Giant Bicycles, one of the largest in the industry, had a determined try using a Sanyo front hub motor that was originally designed with efficient regeneration expressly in mind. Reviewers were unanimous in saying the regen was scarcely detectable. The most experienced reviewer summed up the overall performance with this phrase, "one could die of boredom", not what anyone wants from an electric assist bicycle!

A bicycle even with rider weight simply doesn't have the mass and speeds to make regeneration worthwhile. My current model 1.3 ton Nissan Leaf e-car has selectable modes for regenerative braking, but selecting a higher mode doesn't give any return, the range from its 40 kWh battery remains the same. So even with an e-car's weight there's little if any gain from regenerative braking.
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AntonyC

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Apr 5, 2022
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Terrain probably counts for a lot, much of the time I'd manage with a spoon brake so there's nothing to recover, but descending long steep hills coasting drag uses nowhere near the energy available for regen. Regen's stress reversals used to mean it needed a direct drive (DD) hub motor, and for long hills those are large and high current, so it didn't suit our 250W builds as much as some US builds.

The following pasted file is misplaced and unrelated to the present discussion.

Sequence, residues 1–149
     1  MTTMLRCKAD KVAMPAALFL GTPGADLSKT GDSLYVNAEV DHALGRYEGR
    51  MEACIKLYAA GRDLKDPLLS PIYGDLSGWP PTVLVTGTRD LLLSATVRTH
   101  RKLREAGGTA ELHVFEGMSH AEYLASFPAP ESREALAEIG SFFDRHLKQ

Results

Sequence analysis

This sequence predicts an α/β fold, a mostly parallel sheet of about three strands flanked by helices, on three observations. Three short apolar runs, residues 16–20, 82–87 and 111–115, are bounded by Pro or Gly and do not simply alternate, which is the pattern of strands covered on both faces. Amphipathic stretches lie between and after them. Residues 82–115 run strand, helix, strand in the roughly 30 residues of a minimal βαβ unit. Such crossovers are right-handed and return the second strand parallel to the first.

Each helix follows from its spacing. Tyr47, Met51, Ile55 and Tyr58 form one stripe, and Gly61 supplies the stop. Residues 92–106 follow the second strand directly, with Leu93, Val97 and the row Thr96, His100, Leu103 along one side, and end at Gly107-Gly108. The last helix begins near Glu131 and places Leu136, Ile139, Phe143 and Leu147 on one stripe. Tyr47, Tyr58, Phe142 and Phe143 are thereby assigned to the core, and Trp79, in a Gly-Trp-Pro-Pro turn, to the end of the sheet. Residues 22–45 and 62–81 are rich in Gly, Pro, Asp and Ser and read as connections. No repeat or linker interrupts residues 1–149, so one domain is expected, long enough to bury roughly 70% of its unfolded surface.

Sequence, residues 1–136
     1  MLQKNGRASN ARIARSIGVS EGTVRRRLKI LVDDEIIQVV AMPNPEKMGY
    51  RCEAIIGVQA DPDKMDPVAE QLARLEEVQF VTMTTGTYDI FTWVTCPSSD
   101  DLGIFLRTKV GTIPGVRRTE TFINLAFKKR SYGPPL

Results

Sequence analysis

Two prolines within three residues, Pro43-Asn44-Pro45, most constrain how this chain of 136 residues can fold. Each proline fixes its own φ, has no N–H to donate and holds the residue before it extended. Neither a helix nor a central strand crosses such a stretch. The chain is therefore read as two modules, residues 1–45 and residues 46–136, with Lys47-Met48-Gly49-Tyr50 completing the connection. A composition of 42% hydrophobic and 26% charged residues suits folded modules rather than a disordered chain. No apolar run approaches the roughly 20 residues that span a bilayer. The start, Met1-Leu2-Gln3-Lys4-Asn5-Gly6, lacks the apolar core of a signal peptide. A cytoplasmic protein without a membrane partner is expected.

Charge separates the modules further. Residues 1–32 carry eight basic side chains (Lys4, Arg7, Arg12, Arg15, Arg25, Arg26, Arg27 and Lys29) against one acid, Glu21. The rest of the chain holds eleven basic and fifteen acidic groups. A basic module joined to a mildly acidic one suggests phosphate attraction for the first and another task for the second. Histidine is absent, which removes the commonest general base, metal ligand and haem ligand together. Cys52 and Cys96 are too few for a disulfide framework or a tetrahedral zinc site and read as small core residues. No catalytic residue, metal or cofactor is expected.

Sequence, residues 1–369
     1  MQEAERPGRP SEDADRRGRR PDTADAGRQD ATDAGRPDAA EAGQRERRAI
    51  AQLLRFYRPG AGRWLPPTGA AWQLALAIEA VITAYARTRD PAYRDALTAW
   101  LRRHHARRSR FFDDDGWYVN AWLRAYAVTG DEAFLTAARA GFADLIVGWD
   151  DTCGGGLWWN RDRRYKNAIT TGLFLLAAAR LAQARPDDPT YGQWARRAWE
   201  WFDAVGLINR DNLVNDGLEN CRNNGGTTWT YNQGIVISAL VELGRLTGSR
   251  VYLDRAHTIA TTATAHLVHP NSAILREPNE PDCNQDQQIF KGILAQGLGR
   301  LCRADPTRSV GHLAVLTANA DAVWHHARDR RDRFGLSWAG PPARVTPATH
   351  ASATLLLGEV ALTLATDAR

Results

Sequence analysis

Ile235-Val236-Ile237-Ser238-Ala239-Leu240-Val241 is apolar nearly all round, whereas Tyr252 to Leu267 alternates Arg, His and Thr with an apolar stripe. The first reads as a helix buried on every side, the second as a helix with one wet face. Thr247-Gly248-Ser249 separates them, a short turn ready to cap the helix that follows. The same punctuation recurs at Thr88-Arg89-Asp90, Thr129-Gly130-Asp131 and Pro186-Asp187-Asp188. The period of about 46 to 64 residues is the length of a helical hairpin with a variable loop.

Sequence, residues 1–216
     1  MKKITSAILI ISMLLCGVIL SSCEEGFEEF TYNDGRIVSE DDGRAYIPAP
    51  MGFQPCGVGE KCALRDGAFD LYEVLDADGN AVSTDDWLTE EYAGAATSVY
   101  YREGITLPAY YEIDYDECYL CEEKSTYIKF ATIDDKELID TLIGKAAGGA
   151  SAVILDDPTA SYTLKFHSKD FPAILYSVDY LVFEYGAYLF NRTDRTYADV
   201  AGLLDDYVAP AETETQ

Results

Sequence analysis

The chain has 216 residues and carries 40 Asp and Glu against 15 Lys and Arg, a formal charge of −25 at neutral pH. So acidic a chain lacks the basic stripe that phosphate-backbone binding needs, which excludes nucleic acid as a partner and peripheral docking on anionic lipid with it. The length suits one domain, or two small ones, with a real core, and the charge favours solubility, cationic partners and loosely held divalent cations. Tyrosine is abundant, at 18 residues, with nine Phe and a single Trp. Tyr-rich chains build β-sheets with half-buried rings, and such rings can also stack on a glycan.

On the plus side Grin sell a regen-modified low-ratio geared motor < 3.5kg, and a regen-capable controller adds little weight. Cost aside that's not far off the sizing of a Woosh Gran Camino i.e. for the UK market. There's also the Chargebike system in the pipeline for achieving regen with geared hubs and free coasting. In a motor without permanent magnets (like Mahle, only in a hub) there needn't be cogging.

So viable (cost-wise) regen may yet come to smaller systems where the terrain's mad enough i.e. hills dominate the kWh in a ride. I don't think weight is the issue because weight, energy recovered and expended all scale the same way.
 

saneagle

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Oct 10, 2010
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Regen is a complete non- starter on an electric bicycle. If you try it, you'll see what I mean.

Fast charging shortens battery life - not recommended. It causes fires too!
 
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mr_ed

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Feb 15, 2022
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Regen is a complete non- starter on an electric bicycle. If you try it, you'll see what I mean.

Fast charging shortens battery life - not recommended. It causes fires too!